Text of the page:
Since then, Americans’ views toward those who identify as LGBTQ have changed substantially in recent years, and a majority of U.S. adults now say homosexuality should be accepted by society. The legal landscape for LGBTQ people has also shifted, including through a Supreme Court decision that legalized same-sex marriage nationwide. Here are five key findings about LGBT Americans:
Americans are becoming more accepting in their views of LGBTQ people and homosexuality in general, and the number of people identifying as LGBTQ has grown in recent years.
For example, 63% of Americans said in 2016 that homosexuality should be accepted by society, compared with 51% in 2006. About nine-in-ten said in a 2013 Pew Research Center survey of adults identifying as LGBTQ that society had become more accepting of them in the previous decade. About 10 million people identified as LGBTQ in 2016, according to estimates from Gallup. This represents a modest but significant increase from 8.3 million people who said they were LGBTQ in 2012.
Gay men and lesbians are more likely than bisexuals to be “out,” according to the 2013 Pew Research Center survey. Overall, only 28% of bisexuals say that all or most of the important people in their lives are aware that they are LGBTQ. Meanwhile, 77% of gay men and 71% of lesbians say the same. Bisexual women are much more likely than bisexual men to say most of their friends and family know about their sexuality.
Most LGBTQ Americans say they have never lived somewhere that is known as an LGBTQ neighborhood. According to the 2013 survey, 72% say they have never lived in one of these neighborhoods, while 14% say they have lived in one in the past and 12% say they currently do. While 56% say it is important to maintain places like LGBTQ neighborhoods and bars, 41% say these venues will become less important over time as LGBTQ people are more accepted into society. Gay men are the most likely of any of the subgroups to say that these distinctive venues should be maintained (68%).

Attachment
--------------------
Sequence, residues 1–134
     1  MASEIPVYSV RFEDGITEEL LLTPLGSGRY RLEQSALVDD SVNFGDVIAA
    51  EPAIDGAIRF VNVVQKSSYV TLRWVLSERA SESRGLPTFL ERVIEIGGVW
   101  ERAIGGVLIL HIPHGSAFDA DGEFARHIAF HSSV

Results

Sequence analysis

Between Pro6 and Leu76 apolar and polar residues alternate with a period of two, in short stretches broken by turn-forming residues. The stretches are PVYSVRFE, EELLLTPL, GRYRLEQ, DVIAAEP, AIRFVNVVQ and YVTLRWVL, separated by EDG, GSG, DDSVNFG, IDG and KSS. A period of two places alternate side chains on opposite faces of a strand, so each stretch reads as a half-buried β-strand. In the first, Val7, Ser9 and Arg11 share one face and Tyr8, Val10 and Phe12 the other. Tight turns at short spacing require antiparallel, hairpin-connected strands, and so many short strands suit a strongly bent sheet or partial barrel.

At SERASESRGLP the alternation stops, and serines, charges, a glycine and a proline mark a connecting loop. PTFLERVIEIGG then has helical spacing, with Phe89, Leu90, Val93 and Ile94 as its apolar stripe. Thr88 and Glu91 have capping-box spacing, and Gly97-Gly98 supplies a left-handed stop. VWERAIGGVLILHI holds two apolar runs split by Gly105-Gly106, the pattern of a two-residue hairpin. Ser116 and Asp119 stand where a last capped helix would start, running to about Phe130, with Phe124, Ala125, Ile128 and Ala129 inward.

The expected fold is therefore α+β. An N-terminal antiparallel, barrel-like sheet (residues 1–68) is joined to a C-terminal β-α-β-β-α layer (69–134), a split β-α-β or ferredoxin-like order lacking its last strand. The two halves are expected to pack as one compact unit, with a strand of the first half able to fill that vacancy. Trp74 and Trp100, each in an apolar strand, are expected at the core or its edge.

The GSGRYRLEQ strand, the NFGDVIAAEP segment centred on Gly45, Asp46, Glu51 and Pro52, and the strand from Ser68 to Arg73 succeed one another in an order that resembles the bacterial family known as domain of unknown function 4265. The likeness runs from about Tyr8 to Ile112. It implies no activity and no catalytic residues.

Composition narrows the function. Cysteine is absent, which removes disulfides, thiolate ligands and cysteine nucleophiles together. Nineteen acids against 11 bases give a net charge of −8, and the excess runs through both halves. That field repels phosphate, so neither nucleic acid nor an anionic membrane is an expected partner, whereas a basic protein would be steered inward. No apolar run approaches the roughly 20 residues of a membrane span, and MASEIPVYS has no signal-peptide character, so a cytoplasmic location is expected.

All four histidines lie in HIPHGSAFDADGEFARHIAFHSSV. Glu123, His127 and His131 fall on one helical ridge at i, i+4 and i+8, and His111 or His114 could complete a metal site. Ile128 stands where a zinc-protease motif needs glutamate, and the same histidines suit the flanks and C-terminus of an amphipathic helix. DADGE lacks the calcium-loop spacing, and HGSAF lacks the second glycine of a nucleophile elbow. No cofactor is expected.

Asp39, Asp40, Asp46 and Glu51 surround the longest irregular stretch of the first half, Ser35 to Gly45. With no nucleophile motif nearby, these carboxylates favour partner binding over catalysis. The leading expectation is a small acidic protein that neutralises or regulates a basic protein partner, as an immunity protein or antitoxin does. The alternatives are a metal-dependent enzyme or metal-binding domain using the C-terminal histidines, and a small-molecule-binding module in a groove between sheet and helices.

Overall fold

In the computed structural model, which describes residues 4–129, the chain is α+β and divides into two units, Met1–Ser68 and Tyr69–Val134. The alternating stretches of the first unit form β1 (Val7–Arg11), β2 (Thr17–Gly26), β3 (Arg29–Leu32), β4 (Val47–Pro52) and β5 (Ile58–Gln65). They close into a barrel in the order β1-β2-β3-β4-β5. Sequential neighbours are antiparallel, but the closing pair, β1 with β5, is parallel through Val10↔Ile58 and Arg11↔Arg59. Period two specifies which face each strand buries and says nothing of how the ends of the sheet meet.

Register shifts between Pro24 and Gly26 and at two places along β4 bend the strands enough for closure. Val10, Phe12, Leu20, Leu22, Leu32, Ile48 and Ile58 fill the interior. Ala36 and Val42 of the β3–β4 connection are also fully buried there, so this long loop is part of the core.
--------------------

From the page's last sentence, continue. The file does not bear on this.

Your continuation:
Now progress aside, there’s still work ahead. Among remaining concerns on the part of LGBTQ Americans are the fear of being rejected, particularly by family and loved ones, and personal safety nowadays when acts of hate targeting their community are on the rise. And without doubt, discrimination remains a concern, including for LGBTQ people of color who must overcome barriers of race, sexual orientation (if they identify as lesbian) and gender. According to a poll by the Robert Wood Johnson Foundation and the Harvard T.H. Chan School of Public Health, LGBTQ people of color are more than twice as likely as their white counterparts to say they’ve been discriminated against because they are LGBTQ in applying for jobs and interacting with police.
In closing – and not looking away – let me say emphatically that my life has been greatly enriched by the presence and support of many wonderful LGBTQ people.
Here’s a parting thought about “Victoria.” I look forward to the day when she will not have to look away at the mention of those affirming two words….
© Terry Howard is an award-winning writer and storyteller, a contributing writer with the Chattanooga News Chronicle, The American Diversity Report, The Douglas County Sentinel, The BlackMarket.com, co-founder of the “26 Tiny Paint Brushes” writers’ guild, and recipient of the Dr. Martin Luther King Leadership Award.